“Michelle, who heads up a DNA barcoding unit, had invited me to work with her group on ecological questions that could be addressed with molecular phylogenies. It has been a wonderful collaboration.

Tristan Charles-Dominique worked with me as a post-doc bringing new skills in the French tradition of plant architecture. He made great strides in understanding plant traits of savanna trees. His work on physical defences against mammal herbivores is the most original and important contribution since the 1980s in my view.

Gareth Hempson,  also an ex post-doc with me, had spent a great deal of effort compiling a map of African mammal herbivore abundance, and species richness, as it would have been ~1000 years ago (Hempson, Archibald, Bond 2015, Science). He combined mammals into functional groups which helped enormously in simplifying ecological functions of different groups. His participation allowed us to link the key mammal browsers to concentrations of spiny plant species.”

“It’s a rare combination of people to address a big question.”

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Gerenuk, or giraffe antelope (Litocranius walleri) feeding from a bush; photo: 1001slide, from Getty Images

 

————————–

*including our own species!

**an unintended pun


It was a great honor and a great pleasure connecting with Dr. William Bond, who–despite a very busy schedule and an unfortunate stay in the hospital–responded so quickly to my inquiries!  Thank you so much, Dr. Bond!  The research by you and your colleagues has opened a fascinating door for me!!

 

References

Spiny plants, mammal browsers, and the origin of African savannas,Tristan Charles-Dominique, T. Jonathan Davies, Gareth P. Hampson, Bezeng S. Bezeng, Barnabas H. Daru, Ronny M. Kabongo, Olivier Maurin, A. Mathuma Muaysa, Michelle van der Bank, William J. Bond (2016), PNAS, vol. 113 no. 38. DOI: 10.1073/pnas.1607493113

What Plants Talk About, Nature, PBS, 2013

Savanna fire and the origins of the ‘underground forests’ of Africa, Olivier Maurin, T. Jonathan Davies, John E. Burrows, Barnabas H. Daru, Kowiyou Yessoufou, A. Mathuma Muaysa, Michelle van der Bank, William J. Bond (2014), New PhytologistDOI: 10.1111/nph.12936

Jurassic Park, (movie) Universal Studios, directed by Steven Spielberg, 1993

 

How Trees Talk to Each Other - Dr. Suzanne Simard TED

 

Further FASCINATING information on contemporary plants

How Trees Talk to Each Other, Suzanne Simard, TED talk, June 2016

Published papers by Suzanne Simard, University of British Columbia

The Hidden Life of Trees, Peter Wohlleben, 2016, Greystone Books

How Trees Fight Back, Dave Anderson, Chris Martin, and Andrew Parrella, “Something Wild,” NH Public Radio, September 23, 2016

The Herbivore Elicitor-Regulated1 (HER1) gene enhances abscisic acid levels and defenses against herbivores in Nicotiana attenuate plants, Son Truong Dinh, Ian T. Baldwin, Ivan Galis, Plant Physiology,162, 2106-2124, 2013. doi:10.1104/pp.113.221150.

Plant Kin Recognition Enhances Abundance of Symbiotic Microbial Partner, Amanda L. File, John Klironomos, Hafiz Maherali, Susan A. Dudley, PLOS One, September 28, 2012.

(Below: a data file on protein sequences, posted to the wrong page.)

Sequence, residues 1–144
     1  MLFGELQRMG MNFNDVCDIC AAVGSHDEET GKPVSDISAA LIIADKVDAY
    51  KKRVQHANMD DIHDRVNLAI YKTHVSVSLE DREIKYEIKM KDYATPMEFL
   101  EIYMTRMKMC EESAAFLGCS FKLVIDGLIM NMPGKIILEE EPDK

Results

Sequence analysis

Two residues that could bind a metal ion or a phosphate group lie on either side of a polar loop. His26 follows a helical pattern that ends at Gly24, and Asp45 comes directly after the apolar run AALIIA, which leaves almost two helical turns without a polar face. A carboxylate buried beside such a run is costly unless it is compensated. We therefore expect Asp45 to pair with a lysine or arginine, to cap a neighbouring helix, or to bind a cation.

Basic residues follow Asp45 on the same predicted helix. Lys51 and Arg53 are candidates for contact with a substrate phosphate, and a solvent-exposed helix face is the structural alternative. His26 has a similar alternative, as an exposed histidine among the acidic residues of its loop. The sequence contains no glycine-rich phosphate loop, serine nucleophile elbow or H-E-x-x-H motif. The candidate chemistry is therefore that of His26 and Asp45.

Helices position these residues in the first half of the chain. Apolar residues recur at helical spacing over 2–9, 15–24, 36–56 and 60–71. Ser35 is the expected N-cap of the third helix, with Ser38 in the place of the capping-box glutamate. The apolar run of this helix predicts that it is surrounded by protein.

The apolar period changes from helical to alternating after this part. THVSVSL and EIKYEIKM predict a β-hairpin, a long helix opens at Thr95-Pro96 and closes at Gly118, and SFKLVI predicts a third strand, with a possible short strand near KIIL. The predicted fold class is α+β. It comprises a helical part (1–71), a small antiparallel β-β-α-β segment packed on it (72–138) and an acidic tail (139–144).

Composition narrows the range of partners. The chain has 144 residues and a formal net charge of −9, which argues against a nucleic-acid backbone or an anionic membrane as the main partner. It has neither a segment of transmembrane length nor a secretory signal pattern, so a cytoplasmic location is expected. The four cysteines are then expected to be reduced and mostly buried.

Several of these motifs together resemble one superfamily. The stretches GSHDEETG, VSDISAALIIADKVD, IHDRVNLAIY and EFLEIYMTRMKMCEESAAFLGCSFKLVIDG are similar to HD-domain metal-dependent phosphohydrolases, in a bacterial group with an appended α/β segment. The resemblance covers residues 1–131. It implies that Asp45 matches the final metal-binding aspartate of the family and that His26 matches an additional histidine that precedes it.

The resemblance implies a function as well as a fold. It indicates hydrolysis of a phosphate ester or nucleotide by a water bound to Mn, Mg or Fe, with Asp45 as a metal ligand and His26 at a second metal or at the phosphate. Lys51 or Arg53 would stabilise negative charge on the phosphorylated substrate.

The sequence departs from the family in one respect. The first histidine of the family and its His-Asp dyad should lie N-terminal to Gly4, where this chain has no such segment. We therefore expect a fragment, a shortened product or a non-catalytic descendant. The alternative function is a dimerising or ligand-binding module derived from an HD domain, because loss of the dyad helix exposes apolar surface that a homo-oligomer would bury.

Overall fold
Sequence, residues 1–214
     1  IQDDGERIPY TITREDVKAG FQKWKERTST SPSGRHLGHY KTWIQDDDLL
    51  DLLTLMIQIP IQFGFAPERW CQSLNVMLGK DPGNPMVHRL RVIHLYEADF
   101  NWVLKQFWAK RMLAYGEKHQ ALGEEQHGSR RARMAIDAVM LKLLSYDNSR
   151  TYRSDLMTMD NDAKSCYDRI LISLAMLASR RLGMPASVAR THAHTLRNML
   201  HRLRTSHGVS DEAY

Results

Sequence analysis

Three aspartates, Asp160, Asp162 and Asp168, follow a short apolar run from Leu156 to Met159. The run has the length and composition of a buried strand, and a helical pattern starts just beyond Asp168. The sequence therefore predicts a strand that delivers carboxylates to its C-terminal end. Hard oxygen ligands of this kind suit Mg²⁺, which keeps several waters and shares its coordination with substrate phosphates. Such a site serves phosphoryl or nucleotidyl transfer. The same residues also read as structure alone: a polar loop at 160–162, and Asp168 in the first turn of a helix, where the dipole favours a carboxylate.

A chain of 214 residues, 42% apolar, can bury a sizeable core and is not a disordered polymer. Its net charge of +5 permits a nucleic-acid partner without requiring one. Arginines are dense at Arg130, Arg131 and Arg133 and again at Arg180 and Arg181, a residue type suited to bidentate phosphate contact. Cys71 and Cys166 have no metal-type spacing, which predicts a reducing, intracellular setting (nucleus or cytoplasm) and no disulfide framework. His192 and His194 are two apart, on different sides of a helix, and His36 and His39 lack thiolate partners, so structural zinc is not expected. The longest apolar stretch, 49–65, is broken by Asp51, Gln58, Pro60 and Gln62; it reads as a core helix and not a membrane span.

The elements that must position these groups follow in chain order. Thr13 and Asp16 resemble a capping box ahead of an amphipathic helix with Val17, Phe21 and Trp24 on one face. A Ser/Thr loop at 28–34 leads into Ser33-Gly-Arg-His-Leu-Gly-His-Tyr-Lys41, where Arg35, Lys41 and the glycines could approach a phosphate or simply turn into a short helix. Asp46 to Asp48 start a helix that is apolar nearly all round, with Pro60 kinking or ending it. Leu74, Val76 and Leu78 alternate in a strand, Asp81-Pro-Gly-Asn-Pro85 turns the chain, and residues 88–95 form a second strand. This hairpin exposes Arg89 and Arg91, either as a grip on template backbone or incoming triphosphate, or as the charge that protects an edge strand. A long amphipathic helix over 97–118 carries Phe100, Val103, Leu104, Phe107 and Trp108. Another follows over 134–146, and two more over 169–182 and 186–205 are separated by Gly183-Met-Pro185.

Fitness consequences of plants growing with siblings: reconciling kin selection, niche partitioning and competitive ability, Amanda L. File, Guillermo P. Murphy, Susan A. Dudley, Proceedings of the Royal Society B, vol: 279, issue 1727, 2012. doi: 10.1098/rspb.2011.1995

 

Hidden Life of Trees - Peter Wohlleben

Sousatitan: Brazil’s oldest sauropod bone found in a sea of trace fossils

One man happened to see the bone; one scientist happened to see the picture he posted online.

These two chance occurrences brought about a remarkable discovery: the first fossil dinosaur bone to be found where none have been found before.

Not only is it the first dinosaur bone in the area, it is also the oldest sauropod bone in Brazil to-date, a new as-yet-unnamed species of titanosaur.

Luiz Carlos Gomes was looking for fossil footprints in Sousa, Brazil. Hundreds upon hundreds of trackways, footprints and other trace fossils have already been found in Paraíba–a state in the West coast of that country and where Sousa is located–in an area known as the ‘Valley of the Dinosaurs‘ (‘Vale dos Dinossauros‘). But actual bone fossils? None.

None, that is, until he recognized actual bone within rock.

“He was the main [person] responsible for the discovery,” wrote Dr. Aline Ghilardi, paleontologist at Universidade Federal de São Carlos, in an email. “Luiz Carlos is a very curious retired gentleman whose hobby is to look for dinosaur footprints. He found the bone by chance (it was still inserted into the rock, so he knew it was not only a recent bone), took a picture of it and posted on the internet. Searching information about the area, I found the photo by chance, and, knowing the importance of the discovery, immediately got in touch with him.”

 

Trackway from Bone Collectors Video - Brazil

More tracks in Brazil from Bone Collectors video

Images of fossil footprints found in the Valley of the Dinosaurs (Vale dos Dinossauros) in the state of Paraíba, Brazil; screenshots from the Colectionadores de Ossos (Bone Collectors) video; courtesy of Aline Ghilardi and Tito Aureliano.

 

Luiz Carlos and Aline from Colecionadores de Ossos video

Image of Luiz Carlos S. Gomes and Dr. Aline Ghilardi; screenshot from the Colectionadores de Ossos (Bone Collectors) video; courtesy of Aline Ghilardi and Tito Aureliano.